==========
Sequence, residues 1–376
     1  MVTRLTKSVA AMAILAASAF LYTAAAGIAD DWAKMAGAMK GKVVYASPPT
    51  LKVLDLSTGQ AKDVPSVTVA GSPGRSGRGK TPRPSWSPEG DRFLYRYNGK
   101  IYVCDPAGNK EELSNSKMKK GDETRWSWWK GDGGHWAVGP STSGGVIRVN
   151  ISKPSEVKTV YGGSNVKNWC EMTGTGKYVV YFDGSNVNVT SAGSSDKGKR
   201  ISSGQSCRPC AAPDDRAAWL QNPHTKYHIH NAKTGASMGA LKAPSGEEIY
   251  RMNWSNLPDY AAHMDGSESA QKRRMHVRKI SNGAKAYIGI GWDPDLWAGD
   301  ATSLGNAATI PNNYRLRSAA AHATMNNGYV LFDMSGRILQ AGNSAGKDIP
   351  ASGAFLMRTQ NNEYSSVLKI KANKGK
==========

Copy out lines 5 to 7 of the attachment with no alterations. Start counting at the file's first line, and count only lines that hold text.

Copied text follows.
   151  ISKPSEVKTV YGGSNVKNWC EMTGTGKYVV YFDGSNVNVT SAGSSDKGKR
   201  ISSGQSCRPC AAPDDRAAWL QNPHTKYHIH NAKTGASMGA LKAPSGEEIY
   251  RMNWSNLPDY AAHMDGSESA QKRRMHVRKI SNGAKAYIGI GWDPDLWAGD